Side Garden

Transforming Side Yards into Side Gardens

Sometimes, one area that many homeowners struggle with is what to plant in their side yards. It can be an awkward place with little sun and not much room for plants to grow. Most of these narrow spaces along the side of our home are little more than “yards,” but there is potential to turn them into “gardens.” On a visit to a client’s house, I saw a great example of this, where the homeowner had created side gardens.

Symmetry and Blooms: A Closer Look at the First Side Garden

Bougainvillea with Star jasmine (Trachelospermum jasminoides) in side garden

First, her first side garden was planted with upright Bougainvillea shrubs against the wall with Star jasmine (Trachelospermum jasminoides) planted in between. I liked the symmetry of the alternating plants. They covered the wall so well – I’m not a fan of a view of a bare wall outside my window.

Lush Green Backdrops: The Other Side of the Side Garden

Most of the time the star jasmine produces small white fragrant flowers in spring. The bougainvillea produces vibrant blooms spring through fall. What is interesting about this plant combination. is that the base of the wall in a narrow side garden rarely gets much sun. The star jasmine does well in the shade. After all, bougainvillea does best in sunny spots. The top part of them gets just enough sun to promote blooms.

Yellow oleander (Thevetia peruviana) and 'Orange Jubilee' (Tecoma x 'Orange Jubilee') in side garden

In the other side of the garden, Yellow oleander (Thevetia peruviana) trees grew along the wall toward the back. ‘Orange Jubilee’ (Tecoma x ‘Orange Jubilee’) shrubs covered the wall closer up creating a lush green backdrop.

Enhancing Your Side Garden’s Aesthetics

I did make two suggestions in regards to this side garden. Remove the ‘Orange Jubilee’ shrubs growing in-between the yellow oleander trees. Right now, they make that area look overcrowded. You cannot see the beauty and symmetry of the tree trunks against the wall.

Brightening Your View: The Importance of Plants in Side Gardens

If you never see your side garden or it serves as your utility area, you may not want to spend time and money on adding plants. However, I do recommend focusing on placing plants directly across from any windows. For the windows that face into that area, because who wants to look out onto a bare wall?

Want to add art and creativity to your desert side yard? Try these three inspiring ideas.

What do you have growing in your side garden?

Noelle Johnson, aka, 'AZ Plant Lady' is a author, horticulturist, and landscape consultant who helps people learn how to create, grow, and maintain beautiful desert gardens that thrive in a hot, dry climate. She does this through her consulting services, her online class Desert Gardening 101, and her monthly membership club, Through the Garden Gate. As she likes to tell desert-dwellers, "Gardening in the desert isn't hard, but it is different."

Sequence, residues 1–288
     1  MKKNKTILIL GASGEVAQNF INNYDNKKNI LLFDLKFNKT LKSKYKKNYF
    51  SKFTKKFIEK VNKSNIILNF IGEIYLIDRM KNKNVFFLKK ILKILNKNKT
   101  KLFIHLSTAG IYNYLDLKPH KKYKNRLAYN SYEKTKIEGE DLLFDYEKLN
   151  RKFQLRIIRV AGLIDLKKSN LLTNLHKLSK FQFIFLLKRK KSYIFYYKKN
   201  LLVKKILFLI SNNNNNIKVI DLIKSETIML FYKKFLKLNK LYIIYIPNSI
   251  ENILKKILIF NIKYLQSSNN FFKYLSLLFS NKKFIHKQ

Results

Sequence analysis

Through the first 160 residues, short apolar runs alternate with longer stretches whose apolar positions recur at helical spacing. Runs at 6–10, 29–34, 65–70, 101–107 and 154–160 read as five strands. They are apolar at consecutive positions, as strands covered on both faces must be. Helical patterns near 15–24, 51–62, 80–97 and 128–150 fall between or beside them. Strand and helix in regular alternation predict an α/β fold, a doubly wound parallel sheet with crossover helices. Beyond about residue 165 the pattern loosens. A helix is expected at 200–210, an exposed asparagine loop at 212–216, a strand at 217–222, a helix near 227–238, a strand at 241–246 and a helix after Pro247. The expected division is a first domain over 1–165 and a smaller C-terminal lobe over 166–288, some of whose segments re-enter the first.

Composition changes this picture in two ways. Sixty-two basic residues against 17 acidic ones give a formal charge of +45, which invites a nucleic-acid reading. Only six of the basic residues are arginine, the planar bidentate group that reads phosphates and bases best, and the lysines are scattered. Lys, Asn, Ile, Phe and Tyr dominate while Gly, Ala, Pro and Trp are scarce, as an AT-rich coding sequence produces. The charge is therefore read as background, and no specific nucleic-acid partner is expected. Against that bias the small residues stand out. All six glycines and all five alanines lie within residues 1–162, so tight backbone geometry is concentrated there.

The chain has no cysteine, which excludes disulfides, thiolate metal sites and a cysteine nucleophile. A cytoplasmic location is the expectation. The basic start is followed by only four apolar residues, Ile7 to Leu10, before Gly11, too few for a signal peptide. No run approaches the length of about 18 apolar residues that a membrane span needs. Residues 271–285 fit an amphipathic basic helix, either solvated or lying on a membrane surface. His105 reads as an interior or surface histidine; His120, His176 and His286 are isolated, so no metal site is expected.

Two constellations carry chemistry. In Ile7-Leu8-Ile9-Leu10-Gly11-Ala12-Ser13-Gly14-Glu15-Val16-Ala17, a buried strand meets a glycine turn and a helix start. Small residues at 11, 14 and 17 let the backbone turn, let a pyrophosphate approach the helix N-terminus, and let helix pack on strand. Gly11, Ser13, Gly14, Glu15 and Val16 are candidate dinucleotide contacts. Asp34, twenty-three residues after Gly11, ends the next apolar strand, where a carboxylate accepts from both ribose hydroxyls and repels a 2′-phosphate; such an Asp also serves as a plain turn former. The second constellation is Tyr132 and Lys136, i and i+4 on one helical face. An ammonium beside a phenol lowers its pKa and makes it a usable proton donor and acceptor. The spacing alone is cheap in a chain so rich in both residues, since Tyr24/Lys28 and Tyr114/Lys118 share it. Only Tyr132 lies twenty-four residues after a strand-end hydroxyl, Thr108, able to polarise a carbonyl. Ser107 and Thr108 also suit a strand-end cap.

7 replies
  1. Rohrerbot
    Rohrerbot says:

    I agree with you. Side yards sounds really ugly. I call the different sections "gardens" because each is as unique and different than the other. The true side gardens here are themes. One is a fern garden….using desert plants with light fernlike leaves like the Desert Fern, Jacaranda, Mesquite, Desert Willow, etc.
    The other garden is the Fruit Garden. The center piece is a canary palm trained to look like a pineapple. Peach, apple,loquat, mulberry trees.

  2. A Daughter of the King
    A Daughter of the King says:

    I have a very small side garden right ouside my gate. It is a pot garden — big pots — filled with plants that my landscaper husband has brought home. Right now I have blue plumbago growing up the wall, about 10 feet tall, a pink oleander tree, some variegated myrtle, an arch of star jasmine and two mock orange plants flanking our gate. I love walking through the little garden on my way to the back "garden." Recently, we added it to our drip irrigation line so I didn't have to hurry outside to water in the summer temps.

  3. Indie
    Indie says:

    Very pretty! I'm rather obsessed with side gardens, as they are so neglected normally but offer such a chance for a 'hidden pathway' among the garden. I'm still working on my side garden and fighting voles on both sides, but at least my paths are taking up shape!

  4. Bonnie
    Bonnie says:

    I still haven't planted my "side garden" on the west side between a masonry wall and a storage shed. It has a great watering system and I'd really like more veges there…any low sun vegetables?

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